Association between Dietary Intake of One-Carbon Metabolism Nutrients in the Year before Pregnancy and Birth Anthropometry.
Nutrients. 2020 Mar 20;12(3):
Authors: Lecorguill? M, Lioret S, de Lauzon-Guillain B, de Gavelle E, Forhan A, Mariotti F, Charles MA, Heude B
Few studies have evaluated the role of methylation-pathway nutrients involved in fetal growth (B vitamins, choline, betaine, and methionine). These one-carbon metabolism (OCM) nutrients are essential for DNA methylation in the periconception period. We aimed to characterize dietary patterns of 1638 women from the EDEN mother-child cohort in the year before pregnancy according to the contribution of OCM nutrients and to study the association of such patterns with anthropometric measurements at birth. Dietary intake before pregnancy was assessed by using a semi-quantitative food frequency questionnaire. We used the reduced-rank regression (RRR) method to identify dietary patterns using OCM nutrients as intermediate variables. We ran linear regressions models to study the association between dietary patterns scores and birth weight, length, head circumference, gestational age, and sex-specific z-scores, adjusting for maternal characteristics and vitamin supplementation before and during pregnancy. Three patterns, “varied and balanced”, “vegetarian tendency”, and “bread and starchy food” were identified, explaining 58% of the variability in OCM nutrient intake. Higher scores on the “varied and balanced” pattern tended to be associated with higher birth length and weight. In mainly well-nourished young French women, we did not find evidence that variability in OCM nutrient intake has major effects on fetal growth.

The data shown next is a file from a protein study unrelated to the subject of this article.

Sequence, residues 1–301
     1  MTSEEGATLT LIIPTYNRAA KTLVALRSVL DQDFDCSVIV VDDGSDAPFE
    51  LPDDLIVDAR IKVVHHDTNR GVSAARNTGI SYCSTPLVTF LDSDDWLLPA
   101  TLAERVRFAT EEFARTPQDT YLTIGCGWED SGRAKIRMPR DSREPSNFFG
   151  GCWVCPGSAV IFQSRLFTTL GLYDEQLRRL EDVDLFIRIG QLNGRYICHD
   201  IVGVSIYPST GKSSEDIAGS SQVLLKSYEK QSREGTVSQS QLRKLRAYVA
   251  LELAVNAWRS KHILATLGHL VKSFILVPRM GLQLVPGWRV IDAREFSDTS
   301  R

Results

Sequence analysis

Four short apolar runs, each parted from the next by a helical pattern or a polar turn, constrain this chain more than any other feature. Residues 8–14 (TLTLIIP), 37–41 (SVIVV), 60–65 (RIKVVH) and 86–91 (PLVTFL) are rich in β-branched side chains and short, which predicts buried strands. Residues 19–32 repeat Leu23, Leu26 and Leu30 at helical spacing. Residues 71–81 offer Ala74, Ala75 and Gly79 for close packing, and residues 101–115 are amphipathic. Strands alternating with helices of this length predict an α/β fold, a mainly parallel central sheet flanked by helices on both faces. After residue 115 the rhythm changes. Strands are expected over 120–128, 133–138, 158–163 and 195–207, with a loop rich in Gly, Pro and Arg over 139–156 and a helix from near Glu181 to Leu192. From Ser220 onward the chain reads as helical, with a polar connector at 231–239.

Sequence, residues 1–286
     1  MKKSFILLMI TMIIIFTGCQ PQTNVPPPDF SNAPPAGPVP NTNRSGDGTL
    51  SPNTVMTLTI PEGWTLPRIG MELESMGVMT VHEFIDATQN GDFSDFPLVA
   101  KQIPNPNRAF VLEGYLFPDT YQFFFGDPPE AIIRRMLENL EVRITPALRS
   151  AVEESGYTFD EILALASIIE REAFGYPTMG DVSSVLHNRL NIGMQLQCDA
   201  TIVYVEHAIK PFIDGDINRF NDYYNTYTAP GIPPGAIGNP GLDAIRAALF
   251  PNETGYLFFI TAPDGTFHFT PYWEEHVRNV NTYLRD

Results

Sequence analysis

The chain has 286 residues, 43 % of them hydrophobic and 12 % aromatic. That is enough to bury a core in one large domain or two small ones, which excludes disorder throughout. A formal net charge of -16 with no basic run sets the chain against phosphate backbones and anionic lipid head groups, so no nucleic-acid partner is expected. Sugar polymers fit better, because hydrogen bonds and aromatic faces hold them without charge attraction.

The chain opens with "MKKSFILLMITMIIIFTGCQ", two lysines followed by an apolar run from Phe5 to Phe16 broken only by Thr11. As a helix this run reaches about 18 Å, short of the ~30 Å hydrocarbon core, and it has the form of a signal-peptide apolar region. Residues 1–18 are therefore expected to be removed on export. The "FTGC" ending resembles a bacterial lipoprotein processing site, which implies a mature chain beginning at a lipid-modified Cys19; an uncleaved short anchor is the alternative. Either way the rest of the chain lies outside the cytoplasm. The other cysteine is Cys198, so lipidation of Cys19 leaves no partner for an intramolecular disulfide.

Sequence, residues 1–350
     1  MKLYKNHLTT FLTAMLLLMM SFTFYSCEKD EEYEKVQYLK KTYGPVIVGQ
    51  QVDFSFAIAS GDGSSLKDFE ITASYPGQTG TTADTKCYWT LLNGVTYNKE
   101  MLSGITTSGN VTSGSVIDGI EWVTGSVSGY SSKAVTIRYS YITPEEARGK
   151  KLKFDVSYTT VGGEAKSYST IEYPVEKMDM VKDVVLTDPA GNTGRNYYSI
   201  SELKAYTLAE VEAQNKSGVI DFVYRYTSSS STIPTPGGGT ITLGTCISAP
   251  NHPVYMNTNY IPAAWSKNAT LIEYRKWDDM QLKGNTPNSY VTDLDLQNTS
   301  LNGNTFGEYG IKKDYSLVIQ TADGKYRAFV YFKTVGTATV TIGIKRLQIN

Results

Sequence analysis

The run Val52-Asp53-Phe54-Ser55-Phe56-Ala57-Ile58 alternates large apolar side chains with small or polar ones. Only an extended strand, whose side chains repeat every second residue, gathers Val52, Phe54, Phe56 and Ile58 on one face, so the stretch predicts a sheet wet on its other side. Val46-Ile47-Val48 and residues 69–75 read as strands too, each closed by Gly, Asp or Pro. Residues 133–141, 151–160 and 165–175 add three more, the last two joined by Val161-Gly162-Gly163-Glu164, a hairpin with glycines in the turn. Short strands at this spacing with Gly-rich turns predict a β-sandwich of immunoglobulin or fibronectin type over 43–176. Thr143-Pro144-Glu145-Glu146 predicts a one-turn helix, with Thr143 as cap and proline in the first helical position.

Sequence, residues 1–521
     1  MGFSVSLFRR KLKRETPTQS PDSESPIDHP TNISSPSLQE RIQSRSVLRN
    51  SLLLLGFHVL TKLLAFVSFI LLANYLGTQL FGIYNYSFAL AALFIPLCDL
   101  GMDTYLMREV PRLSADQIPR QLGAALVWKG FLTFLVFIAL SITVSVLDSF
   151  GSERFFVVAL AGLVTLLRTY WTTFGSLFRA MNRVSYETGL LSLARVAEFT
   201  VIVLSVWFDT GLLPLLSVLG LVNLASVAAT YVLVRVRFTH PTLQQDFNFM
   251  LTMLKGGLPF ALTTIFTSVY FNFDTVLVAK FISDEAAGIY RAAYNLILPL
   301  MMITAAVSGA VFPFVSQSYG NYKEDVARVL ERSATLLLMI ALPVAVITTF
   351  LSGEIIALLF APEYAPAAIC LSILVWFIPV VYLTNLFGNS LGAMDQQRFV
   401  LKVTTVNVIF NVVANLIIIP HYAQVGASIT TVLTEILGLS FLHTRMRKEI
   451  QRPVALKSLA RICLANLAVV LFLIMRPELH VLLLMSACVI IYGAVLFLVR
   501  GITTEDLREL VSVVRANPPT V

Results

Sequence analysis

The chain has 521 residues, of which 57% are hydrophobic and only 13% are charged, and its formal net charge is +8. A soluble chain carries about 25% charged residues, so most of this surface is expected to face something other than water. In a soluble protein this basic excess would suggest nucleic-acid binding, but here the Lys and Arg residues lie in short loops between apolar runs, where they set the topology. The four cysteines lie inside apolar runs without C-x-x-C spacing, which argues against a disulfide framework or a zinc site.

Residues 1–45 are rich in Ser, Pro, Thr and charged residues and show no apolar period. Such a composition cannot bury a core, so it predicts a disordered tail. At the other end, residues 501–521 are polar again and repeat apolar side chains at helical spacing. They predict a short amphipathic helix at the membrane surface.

PMID: 32245126 [PubMed - indexed for MEDLINE]